Within the industry, we differ from many other publishers in that we treat our authors with great respect. We pay regular royalties, actively sell foreign rights in multiple languages/territories, and generally give our authors more say in their project. We operate largely without subsidy (from wealthy individuals or corporations) and without debt, paying the printer on time and the full balance of any credit card use each month. In a certain ironic sense, our sustainable anti-capitalist operation is a roaring financial success.

IPG: How does youpmpull2r mission of “creating radical and stimulating fiction and nonfiction books…” change how you navigate the publishing industry?

Craig O’Hara: It means we have to navigate and operate both inside and outside of the established industry. Since our beginnings, a full 50% of our income has been from direct/nonbooktrade selling. We are never chasing publishing trends, but seeking to publish underrepresented viewpoints that have the potential to affect and influence readers. Luckily we have assistance from the fine folks at IPG to help bridge the gap between what we do on a daily basis and the workings of the mainstream publishing industry.

IPG: What do our readers need to know about your books?

friendsofPMCraig O’Hara: One neat fact is that they are nearly all printed in the US by the employee-owners at Thomson Shore in Dexter, MI. Beyond that, we want readers (and writers) to know that “you can do this too.” There are far too many fantastic books we receive as submissions that we simply don’t have the resources to publish. There is no shortage of great material to publish, wonderful stories to tell, and readers open to intelligent discussions outside of the mainstream media.

IPG: Who do you feel is your primary audience?

Craig O’Hara: We publish a broad enough range of books that it’s difficult to pinpoint or attempt to stereotype our primary audience. People interested in a better world? Well, who isn’t? Everyone from the multiracial working class whose lives are reflected and respected in our work to grad students and professors swimming in theory, to ethical vegetarians, cutting-edge artists, and punk rockers!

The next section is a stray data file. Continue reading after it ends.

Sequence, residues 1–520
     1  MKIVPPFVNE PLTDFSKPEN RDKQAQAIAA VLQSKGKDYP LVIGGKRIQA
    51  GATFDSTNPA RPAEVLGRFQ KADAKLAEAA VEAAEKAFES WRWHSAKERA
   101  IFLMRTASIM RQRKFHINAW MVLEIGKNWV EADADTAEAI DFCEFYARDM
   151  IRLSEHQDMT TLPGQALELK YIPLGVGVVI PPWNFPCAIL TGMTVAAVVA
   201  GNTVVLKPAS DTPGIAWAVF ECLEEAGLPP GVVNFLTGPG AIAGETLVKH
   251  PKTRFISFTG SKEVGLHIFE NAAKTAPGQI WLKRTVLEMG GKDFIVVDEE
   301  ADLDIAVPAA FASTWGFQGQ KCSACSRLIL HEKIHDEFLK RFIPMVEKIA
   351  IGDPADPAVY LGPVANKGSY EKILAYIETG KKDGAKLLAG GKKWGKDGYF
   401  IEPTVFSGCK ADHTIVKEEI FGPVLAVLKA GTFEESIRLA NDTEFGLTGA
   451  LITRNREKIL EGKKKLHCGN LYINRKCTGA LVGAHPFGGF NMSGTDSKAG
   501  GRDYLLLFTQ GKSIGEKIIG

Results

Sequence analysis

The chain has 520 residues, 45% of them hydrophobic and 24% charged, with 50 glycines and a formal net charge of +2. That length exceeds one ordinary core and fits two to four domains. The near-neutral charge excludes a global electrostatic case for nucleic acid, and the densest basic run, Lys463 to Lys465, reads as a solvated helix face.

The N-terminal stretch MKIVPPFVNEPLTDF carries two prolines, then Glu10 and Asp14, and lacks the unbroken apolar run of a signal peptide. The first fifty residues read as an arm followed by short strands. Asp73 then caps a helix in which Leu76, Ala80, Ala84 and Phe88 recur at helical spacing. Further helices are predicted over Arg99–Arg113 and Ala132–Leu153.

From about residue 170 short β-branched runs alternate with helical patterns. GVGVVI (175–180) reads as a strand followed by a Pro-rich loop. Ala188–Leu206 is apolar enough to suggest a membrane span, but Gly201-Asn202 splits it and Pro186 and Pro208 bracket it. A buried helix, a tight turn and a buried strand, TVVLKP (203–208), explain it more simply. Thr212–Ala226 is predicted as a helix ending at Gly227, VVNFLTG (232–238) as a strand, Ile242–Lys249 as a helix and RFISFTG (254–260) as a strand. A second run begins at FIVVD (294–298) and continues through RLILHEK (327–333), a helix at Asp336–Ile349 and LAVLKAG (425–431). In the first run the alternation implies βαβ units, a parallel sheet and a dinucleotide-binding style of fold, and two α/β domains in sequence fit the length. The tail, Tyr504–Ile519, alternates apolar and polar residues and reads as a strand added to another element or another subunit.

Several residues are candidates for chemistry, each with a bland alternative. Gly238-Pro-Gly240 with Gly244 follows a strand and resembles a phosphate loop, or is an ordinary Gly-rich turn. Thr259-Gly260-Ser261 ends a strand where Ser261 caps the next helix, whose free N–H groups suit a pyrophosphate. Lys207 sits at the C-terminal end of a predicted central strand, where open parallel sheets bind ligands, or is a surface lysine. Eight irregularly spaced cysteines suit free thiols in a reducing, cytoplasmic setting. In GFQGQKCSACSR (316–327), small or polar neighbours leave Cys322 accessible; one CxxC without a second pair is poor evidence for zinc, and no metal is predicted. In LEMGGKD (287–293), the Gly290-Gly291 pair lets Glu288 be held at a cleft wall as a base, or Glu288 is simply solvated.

IPG: In your opinion, how has the publishing industry changed over the years?

pmpull3Craig O’Hara: Over the last few decades, much of the industry has been squeezed, shrunk, or discarded. There are fewer independent publishers and distributors (and all operating with a lower profit margin due in part to Amazon’s unfortunate presence), and the impressive flux of new bookstores (particularly those in high-rent, gentrified areas) can rarely afford to stock releases outside of the mainstream/sure-thing bestsellers. A television/internet-based, celebrity-driven culture has created a sad trend in the book business to chase after “the next big thing” as it runs by rather than operate as a forum for diverse and important ideas that impact our lives.

IPG: What do you think are the benefits of independent publishing? The drawbacks?

Craig O’Hara: The benefits are being part of the process of connecting the stories, ideas, and artwork of authors to a global community of readers. Drawbacks, well, very long hours and there’s not much money in it. We have very few authors who can make a living writing professionally, and virtually none that could do so solely from their PM releases. There just isn’t much money in book sales after each part of the food chain takes a bite.


IPG: Where do you see PM Press in five years?

Craig O’Hara: I expect it will be very similar to what we see now, some of us will be grayer and heavier, others will be younger and smarter. We just signed a five-year distribution deal with IPG, so I expect both organizations will continue to get better at what we do each year.

George Hurchalla's Going Underground in Scanner Zine

Scanner Zine
June 27th, 2016

If the title of this book sounds a bit familiar (with the exception of it being a song by THE JAM), it’s because this is actually the second edition of the book first published back in 2005 (my review HERE). In this edition, David Ensminger took on the role of editor, producing a narrative that is still gripping and first hand, but is now slightly more pointed and concise with some notable changes between the two editions.

If you are unfamiliar with the book, this is part-autobiography of Hurchalla, part historical documentation of American Punk and part reference guide to American Punk scenes of the 80s. It kicks off in 1980 with Hurchalla in his home state of Florida suddenly being exposed to Punk Rock via his brother with his introduction to the SEX PISTOLS. From there, it looks at the early scene in San Francisco and then progresses, just as Punk morphed into American Hardcore, through all the important US scenes of DC, Texas, LA, NYC, Boston, Minneapolis, Chicago and Philadelphia - a city in which Hurchalla lived for a number of years.